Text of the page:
Supporting Carers’ Financial Wellbeing

10 June 2019

During Carers Week 2019, we'll be raising awareness of how being a Carer can have an impact on finances.

With as many as three in five Carers in the UK having faced debt because of their caring role, PayPlan believes it is time to break down the barriers to seeking support.

6.5 million Carers in the UK

According to NHS England, a Carer is any adult or child who provides unpaid care for a family member, partner or friend because of illness, frailty, disability, mental health problem or an addiction.

Why are Carers more likely to face money worries?

It can be an all too familiar story for carers to face financial pressures and crisis. A few of the most common reasons include that Carers are more likely to:

  • reduce their hours of work or give up working completely
  • face extra costs due to disability and ill health
  • spend more money on household costs such as utilities, food and transport
  • require disability-related spending, such as care services and equipment, cleaning products and home adaption

Support available for Carers

On average, people wait up to four years before they seek advice. Yet, the sooner a person seeks help, the quicker they can have a plan to become debt-free.

A recent PayPlan client survey showed the positive effect seeking debt advice can have on mental health. 93% of clients said that by seeking advice from PayPlan, their mental wellbeing improves and stress levels reduced, and 95% said they feel confident about managing their money.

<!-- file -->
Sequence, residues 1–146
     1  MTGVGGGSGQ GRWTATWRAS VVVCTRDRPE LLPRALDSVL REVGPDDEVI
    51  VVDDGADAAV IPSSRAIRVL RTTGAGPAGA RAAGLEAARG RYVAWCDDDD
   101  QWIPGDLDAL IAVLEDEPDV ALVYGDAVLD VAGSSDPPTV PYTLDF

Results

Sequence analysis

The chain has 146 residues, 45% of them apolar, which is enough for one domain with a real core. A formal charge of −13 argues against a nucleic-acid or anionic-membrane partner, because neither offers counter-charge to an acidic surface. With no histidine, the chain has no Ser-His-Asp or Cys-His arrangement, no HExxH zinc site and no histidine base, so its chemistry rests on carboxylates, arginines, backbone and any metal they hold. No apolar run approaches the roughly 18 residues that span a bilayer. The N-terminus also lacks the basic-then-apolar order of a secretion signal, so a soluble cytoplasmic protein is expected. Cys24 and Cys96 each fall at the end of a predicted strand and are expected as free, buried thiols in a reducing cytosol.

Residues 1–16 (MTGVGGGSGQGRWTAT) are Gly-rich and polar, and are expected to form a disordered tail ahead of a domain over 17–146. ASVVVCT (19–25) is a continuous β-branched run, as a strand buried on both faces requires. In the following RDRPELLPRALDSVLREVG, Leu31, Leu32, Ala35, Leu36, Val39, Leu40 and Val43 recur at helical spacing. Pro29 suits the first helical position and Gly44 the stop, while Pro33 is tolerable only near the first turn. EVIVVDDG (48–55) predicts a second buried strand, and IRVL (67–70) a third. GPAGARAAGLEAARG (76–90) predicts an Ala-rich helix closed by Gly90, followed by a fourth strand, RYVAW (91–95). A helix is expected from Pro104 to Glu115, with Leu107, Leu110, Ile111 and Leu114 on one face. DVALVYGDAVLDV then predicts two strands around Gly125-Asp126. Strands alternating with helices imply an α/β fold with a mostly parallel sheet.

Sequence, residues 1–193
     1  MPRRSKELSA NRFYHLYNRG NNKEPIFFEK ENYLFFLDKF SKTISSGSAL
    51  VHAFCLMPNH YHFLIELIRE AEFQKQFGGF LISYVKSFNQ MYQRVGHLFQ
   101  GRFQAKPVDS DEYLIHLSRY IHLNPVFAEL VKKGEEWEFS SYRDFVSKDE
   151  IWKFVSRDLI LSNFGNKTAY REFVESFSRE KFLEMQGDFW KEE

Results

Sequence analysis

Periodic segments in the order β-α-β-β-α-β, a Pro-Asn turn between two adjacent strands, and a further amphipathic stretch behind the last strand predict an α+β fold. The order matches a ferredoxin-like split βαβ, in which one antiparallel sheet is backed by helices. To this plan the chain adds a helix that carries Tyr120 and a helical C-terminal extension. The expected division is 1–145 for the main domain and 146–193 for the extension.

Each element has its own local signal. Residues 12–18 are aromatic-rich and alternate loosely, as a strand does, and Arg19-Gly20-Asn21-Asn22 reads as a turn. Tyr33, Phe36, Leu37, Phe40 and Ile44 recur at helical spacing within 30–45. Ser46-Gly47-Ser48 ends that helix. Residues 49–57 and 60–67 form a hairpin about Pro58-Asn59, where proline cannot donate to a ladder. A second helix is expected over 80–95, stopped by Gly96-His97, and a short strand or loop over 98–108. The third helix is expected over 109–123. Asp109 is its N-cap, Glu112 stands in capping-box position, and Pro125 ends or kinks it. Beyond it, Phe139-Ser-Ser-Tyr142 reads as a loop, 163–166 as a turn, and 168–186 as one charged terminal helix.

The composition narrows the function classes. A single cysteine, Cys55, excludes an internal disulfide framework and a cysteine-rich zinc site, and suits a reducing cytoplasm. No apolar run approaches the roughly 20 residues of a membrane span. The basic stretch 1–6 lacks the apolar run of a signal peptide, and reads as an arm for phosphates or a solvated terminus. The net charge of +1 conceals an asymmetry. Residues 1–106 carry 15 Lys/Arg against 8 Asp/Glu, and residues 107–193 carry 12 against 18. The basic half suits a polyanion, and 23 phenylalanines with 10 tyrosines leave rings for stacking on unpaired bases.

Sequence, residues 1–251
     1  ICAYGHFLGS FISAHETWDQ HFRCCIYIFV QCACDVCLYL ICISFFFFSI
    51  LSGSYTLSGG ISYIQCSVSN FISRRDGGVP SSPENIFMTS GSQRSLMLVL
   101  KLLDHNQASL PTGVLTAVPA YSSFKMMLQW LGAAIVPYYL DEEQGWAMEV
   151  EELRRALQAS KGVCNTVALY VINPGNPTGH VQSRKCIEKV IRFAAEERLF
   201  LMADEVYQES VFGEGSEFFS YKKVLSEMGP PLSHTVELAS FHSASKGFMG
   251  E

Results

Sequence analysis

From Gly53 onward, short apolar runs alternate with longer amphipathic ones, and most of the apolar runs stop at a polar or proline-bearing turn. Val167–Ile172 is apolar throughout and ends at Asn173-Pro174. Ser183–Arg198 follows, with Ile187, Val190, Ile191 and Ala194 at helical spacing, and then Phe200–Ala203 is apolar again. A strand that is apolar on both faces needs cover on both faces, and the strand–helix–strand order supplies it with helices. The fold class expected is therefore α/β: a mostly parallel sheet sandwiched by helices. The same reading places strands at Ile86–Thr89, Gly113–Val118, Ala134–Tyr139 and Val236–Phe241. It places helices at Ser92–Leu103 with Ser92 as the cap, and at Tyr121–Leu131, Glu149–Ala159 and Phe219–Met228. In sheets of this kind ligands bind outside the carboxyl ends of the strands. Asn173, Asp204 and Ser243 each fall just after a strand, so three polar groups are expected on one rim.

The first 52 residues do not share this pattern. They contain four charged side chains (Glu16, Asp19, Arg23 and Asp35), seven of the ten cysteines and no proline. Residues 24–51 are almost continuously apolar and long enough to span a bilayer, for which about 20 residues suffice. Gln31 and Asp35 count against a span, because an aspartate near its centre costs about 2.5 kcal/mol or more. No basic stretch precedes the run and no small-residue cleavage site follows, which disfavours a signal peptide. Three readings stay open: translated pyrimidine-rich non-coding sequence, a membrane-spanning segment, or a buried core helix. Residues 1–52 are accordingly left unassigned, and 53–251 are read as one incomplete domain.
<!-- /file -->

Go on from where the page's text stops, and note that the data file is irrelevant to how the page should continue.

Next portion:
Signpost to PayPlan today:

PayPlan offers free, impartial debt advice to anyone who needs it. Advisers are open, friendly and non-judgement and will advise on the best way forward and how to communicate with creditors.
Call 0800 280 2816 or visit:

Information for Carers to build financial resilience

If you are worried about your finances, or someone’s that you care for, then follow these four steps to build financial resilience.

Step 1 – Know your numbers

Getting in control of your money starts by knowing what’s coming in, what’s going out and being aware of what’s coming up.

Don’t worry; this doesn’t’ need to be a complicated exercise. Create a budget on a piece of paper or use an online tool like this free budget planner from the Money Advice Service. You’ll just need to have some recent bills and bank statements handy so you don’t miss anything out.

Step 2 – Reduce and eliminate debt

Get in touch a free debt advice provider, visit: or call: 0800 280 2816. Advisers will support you to collate monies owed to create a realistic financial picture. From there, and depending what reducing credit card debt or personal loans, you can focus your savings and income on meeting present and future expenses – rather than have to keep paying for past expenses.

Step 3 – Build a healthy emergency fund

If your credit card is on stand by for any unexpected charges – then reduce its power. A car breakdown, washing machine bust or burst pipes aren’t things we generally think about when creating our budget.

Create an emergency fund – depending on what you’ve learnt from your budget – and go there firstly for costs that would usually have seen you reach for the plastic.

Step 4 – Strengthen relationships and social networks

Strong relationships not only make for a happier, healthier life, but they can also provide support in times of crisis. Close friends, family or professionals can offer help and practical advice.


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